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Publication numberUS7422351 B2
Publication typeGrant
Application numberUS 11/443,610
Publication dateSep 9, 2008
Filing dateMay 30, 2006
Priority dateMay 30, 2006
Fee statusPaid
Also published asUS20070279922
Publication number11443610, 443610, US 7422351 B2, US 7422351B2, US-B2-7422351, US7422351 B2, US7422351B2
InventorsAlexander R. Villani
Original AssigneeVillani Alexander R
Export CitationBiBTeX, EndNote, RefMan
External Links: USPTO, USPTO Assignment, Espacenet
Pole light electrical interface
US 7422351 B2
Abstract
A pole light electrical interface is described that allows the connection of electrical devices in lieu of standard pole lights that are used as running lights on boats. Several configurations are described including a connection in place of a running light, a side connector, and a pole light electrical interface with a voltage converter.
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Claims(9)
1. A pole light electrical interface, said pole light electrical interface comprising:
a bottom electrical adapter, said bottom electrical adapter configured to interface to a pole light plug; and
a pole, said pole comprising power wires internal to said pole and connected to said bottom electrical adapter; and
a top electrical adapter, said top electrical adapter configured to accept an electrical plug, wherein the electrical plug is connected to a wire, the wire is further adaptable to connect to a power device,
so that when a voltage is connected to the pole light plug, power flows to the power device.
2. The pole light electrical interface as in claim 1 wherein said pole light plug is mounted on a boat hull.
3. The pole light electrical interface as in claim 1 wherein said pole light plug is configured to accept a conventional running light pole.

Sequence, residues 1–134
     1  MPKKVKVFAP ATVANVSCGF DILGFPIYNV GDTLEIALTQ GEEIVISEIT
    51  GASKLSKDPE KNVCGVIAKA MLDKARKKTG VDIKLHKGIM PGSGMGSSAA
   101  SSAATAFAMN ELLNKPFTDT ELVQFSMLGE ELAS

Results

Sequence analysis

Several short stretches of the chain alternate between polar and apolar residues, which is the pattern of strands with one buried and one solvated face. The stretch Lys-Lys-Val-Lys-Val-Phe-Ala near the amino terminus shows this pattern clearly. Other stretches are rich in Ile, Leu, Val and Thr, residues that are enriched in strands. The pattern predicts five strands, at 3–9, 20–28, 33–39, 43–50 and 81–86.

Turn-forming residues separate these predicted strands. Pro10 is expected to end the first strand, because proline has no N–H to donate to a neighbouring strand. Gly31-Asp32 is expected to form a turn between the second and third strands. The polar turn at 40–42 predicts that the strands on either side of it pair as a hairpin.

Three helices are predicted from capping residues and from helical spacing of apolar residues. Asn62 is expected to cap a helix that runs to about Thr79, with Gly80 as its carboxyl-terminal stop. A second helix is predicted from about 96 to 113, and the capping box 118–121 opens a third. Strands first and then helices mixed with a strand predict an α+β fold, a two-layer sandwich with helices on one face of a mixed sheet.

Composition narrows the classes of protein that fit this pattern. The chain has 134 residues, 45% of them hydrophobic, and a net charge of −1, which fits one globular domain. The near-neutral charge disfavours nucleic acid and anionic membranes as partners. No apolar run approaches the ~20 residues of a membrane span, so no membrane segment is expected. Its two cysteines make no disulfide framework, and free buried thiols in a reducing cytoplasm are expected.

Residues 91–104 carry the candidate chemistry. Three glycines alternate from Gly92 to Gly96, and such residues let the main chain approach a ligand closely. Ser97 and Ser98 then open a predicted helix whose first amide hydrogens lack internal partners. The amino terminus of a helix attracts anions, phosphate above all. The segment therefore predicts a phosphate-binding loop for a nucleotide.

4. The pole light electrical interface as in claim 1 wherein said top electrical adapter is configured to accept a male cigarette lighter electrical adapter.
5. The pole light electrical interface as in claim 4 wherein said electrical adapter is mounted on the side of the pole.
6. The pole light electrical interface as in claim 1 further comprising an DC to DC converter, said DC to DC converter consisting of an input port and an output port; wherein said DC to DC converter is inserted between the bottom electrical adapter and the top electrical adapter, and wherein the power wires from the bottom adapter are connected to input port and wherein a second set of power wires are connected from the output port to the top electrical adapter.
7. The pole light electrical interface as in claim 1 further comprising an DC to AC inverter, said DC to AC inverter consisting of an input DC port and an output AC port; wherein said AC to DC converter is inserted between the bottom electrical adapter and the top electrical adapter, and wherein the power wires from the bottom adapter are connected to input DC port and wherein a second set of power wires are connected from the output AC port to the top electrical adapter.
8. The pole light electrical interface as in claim 7 wherein said top electrical adapter is configured to a conventional 115 VAC female outlet.
9. The pole light electrical interface as in claim 1 wherein there is a multiplicity of said top electrical adapters.
Description
BACKGROUND

1. Field of the Invention

This invention relates to mechanical electrical interfaces in general and electrical interfaces for boating enthusiasts in particular.

2. Background